Oleh Kotsyuba: HURI's New Manager of Publications

Oleh Kotsyuba Manager of PublicationsThe Ukrainian Research Institute at Harvard University is pleased to welcome Dr. Oleh Kotsyuba as its new Manager of Publications. No stranger to HURI and with extensive experience in publications, Kotsyuba is a welcome addition to our team.

Kotsyuba is a longstanding member of the HURI community. He was involved with the Institute throughout his graduate studies at Harvard, where he earned his PhD, and most recently as a Jaroslaw and Nadia Mihaychuk Postdoctoral Research Fellow. A regular participant at HURI seminars and lectures, Kotsyuba has actively contributed to HURI’s academic discussions, and has given presentations at HUSI and the Seminars in Ukrainian Studies. As a Mihaychuk Research Fellow, he worked on the strategies used by Ukrainian writers of the late 1970s and 1980s to disengage from the Soviet state.

Kotsyuba received a broad academic training in Ukraine, Germany, and the United States. He earned his undergraduate degree, together with a professional degree in teaching, at the University of Ternopil where he majored in German and English Literatures and Languages, and in World Literature. He later earned master’s degrees in English from Wayne State University in Detroit, MI, and in Comparative Literature, Computational Linguistics, and Computer Science at Ludwig Maximilian University in Munich, Germany. He went on to receive his PhD in Slavic Languages and Literatures at Harvard, writing a dissertation on Ukrainian and Russian writers of the 1970s and 1980s.

In addition to these academic qualifications, Kotsyuba has a substantial background in publishing, management, and digital media. Most recently, he worked as Acquisitions Editor at Academic Studies Press (ASP), where he oversaw more than twenty book series in Slavic, East European and Central Asian studies. As part of his duties, he solicited and edited manuscripts, negotiated contracts, invited peer reviews, and budgeted and supervised numerous book publications. In his position, Kotsyuba strongly contributed to the further development of the series in Ukrainian Studies at ASP.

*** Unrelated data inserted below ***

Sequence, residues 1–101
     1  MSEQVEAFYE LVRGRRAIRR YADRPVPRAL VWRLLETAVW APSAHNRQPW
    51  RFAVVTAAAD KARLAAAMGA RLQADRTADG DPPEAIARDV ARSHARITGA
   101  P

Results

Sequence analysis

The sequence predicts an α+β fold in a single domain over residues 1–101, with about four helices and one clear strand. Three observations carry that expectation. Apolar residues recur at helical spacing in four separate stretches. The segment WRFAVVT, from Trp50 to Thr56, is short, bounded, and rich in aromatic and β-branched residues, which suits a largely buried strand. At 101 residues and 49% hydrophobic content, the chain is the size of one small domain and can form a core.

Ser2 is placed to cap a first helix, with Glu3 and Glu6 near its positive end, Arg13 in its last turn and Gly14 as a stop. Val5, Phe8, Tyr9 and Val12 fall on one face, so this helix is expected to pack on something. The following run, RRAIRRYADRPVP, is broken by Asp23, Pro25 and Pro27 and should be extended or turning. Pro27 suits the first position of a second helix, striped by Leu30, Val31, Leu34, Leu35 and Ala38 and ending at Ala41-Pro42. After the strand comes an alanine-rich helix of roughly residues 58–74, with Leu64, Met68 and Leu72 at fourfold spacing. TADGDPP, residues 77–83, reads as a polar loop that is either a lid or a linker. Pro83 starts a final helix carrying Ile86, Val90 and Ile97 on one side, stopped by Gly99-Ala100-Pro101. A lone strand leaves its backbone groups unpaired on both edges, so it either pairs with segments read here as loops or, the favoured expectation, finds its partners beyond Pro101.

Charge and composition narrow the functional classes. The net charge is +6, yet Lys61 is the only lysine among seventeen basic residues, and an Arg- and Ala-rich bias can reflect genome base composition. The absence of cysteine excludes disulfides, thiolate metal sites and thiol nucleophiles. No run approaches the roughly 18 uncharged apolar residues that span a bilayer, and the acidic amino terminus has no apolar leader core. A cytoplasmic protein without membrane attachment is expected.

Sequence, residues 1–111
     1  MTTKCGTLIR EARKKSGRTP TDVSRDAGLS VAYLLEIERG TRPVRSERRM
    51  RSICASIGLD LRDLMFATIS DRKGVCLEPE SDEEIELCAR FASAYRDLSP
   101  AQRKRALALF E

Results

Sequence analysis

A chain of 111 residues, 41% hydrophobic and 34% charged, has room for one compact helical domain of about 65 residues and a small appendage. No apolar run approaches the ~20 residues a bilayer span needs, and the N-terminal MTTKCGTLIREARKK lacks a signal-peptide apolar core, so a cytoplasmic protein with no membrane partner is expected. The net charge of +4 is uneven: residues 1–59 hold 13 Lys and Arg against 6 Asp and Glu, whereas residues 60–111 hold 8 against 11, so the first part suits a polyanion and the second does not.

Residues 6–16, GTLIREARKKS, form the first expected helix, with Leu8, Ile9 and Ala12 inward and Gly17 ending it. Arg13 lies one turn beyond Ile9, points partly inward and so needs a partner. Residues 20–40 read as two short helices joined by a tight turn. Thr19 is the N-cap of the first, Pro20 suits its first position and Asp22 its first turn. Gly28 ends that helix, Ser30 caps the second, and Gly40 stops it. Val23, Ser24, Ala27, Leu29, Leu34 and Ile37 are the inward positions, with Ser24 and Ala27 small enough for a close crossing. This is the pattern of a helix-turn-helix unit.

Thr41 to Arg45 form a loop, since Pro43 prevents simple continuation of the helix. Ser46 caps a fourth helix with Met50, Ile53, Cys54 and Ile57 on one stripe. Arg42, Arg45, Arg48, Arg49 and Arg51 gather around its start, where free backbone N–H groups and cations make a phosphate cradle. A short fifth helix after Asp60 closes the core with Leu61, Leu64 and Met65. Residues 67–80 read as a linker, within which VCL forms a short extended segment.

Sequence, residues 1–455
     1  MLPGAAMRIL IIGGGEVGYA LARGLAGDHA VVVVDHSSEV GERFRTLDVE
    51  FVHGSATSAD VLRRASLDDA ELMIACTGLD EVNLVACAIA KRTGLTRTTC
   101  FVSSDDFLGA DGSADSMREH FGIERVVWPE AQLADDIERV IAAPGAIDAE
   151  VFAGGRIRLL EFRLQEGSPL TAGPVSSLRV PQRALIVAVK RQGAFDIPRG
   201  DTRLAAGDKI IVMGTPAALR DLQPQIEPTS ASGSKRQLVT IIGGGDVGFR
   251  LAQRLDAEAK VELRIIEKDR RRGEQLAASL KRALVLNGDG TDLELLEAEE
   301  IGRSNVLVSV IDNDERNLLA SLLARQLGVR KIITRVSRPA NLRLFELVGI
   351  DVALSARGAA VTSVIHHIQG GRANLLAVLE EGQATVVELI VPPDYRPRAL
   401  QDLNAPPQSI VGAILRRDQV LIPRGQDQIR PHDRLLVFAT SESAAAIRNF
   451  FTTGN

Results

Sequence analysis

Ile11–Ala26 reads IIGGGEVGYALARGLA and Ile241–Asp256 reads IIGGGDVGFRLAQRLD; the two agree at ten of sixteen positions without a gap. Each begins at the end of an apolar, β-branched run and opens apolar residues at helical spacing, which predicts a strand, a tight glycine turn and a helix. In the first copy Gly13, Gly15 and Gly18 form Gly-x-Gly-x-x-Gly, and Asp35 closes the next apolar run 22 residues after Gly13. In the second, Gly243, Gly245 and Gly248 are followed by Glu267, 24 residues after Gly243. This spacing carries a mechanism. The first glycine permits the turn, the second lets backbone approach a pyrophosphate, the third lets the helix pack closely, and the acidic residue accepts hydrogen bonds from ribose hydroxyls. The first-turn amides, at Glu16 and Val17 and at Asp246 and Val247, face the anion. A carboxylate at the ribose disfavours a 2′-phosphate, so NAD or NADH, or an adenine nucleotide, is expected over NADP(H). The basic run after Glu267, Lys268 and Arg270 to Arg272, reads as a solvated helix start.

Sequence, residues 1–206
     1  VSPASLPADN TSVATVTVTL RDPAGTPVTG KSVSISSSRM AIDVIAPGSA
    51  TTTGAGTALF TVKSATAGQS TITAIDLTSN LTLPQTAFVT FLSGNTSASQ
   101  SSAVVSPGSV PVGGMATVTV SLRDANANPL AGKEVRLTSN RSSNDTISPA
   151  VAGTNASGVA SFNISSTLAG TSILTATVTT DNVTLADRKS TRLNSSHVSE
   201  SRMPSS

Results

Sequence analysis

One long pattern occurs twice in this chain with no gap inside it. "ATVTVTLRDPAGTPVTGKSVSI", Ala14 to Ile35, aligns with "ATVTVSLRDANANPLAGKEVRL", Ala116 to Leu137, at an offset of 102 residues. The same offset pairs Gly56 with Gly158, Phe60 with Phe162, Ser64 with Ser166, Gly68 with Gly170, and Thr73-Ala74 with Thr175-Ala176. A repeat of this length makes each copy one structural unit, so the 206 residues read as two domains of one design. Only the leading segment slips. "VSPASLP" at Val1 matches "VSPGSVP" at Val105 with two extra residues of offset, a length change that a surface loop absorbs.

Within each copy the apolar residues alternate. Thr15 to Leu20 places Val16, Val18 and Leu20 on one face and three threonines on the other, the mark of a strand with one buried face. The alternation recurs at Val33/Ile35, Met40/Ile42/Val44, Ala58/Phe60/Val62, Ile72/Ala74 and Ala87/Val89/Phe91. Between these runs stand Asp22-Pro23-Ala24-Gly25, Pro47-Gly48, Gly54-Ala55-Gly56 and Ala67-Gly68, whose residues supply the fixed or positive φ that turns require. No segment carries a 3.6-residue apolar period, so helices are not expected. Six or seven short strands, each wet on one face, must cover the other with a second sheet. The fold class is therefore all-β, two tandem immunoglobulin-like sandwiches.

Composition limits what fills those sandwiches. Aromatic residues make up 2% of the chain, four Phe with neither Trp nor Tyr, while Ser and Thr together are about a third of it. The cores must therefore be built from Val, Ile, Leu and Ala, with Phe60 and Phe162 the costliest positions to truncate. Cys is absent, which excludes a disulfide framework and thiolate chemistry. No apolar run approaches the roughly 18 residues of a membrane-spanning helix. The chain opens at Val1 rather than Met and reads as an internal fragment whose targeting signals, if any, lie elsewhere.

Prior to ASP, Kotsyuba worked with the Krytyka Journal and Publishing House. As Chief Online Editor and Director of the Web Project, he oversaw the programming of a complex website that combined publishing with sales and subscription management. He solicited manuscripts and supervised the work of a team of editors, translators, and marketing staff.

Kotsyuba also commands a solid background in business and management. At FriendScout24 GmbH in Munich, Germany, he hired and oversaw a team of customer service agents, developed guidelines for internal processes and customer communication, and prepared financial and performance reports. He went on to become the Manager for International Business, which involved coordinating product management, programming, translation, PR and marketing in the course of the product rollout in Spain, France, Switzerland and the Netherlands. Still later, as the Manager for Online Marketing at Plan.NET Media GmbH, Kotsyuba managed online content advertisement campaigns for such large companies as Apple, BMW, and LEGO.

On this strong foundation, Kotsyuba steps into the role of HURI’s Publications Manager with ambitious plans to continue the legacy of the program as well as to adapt it to the demands of present-day academia.

“The initial mission of the Institute’s publications program was to publish what no one else would, at a time when Ukrainian studies as a field didn’t really exist,” he noted. “Now, the Ukrainian studies field is thriving. Therefore, the role of our publications program is evolving.”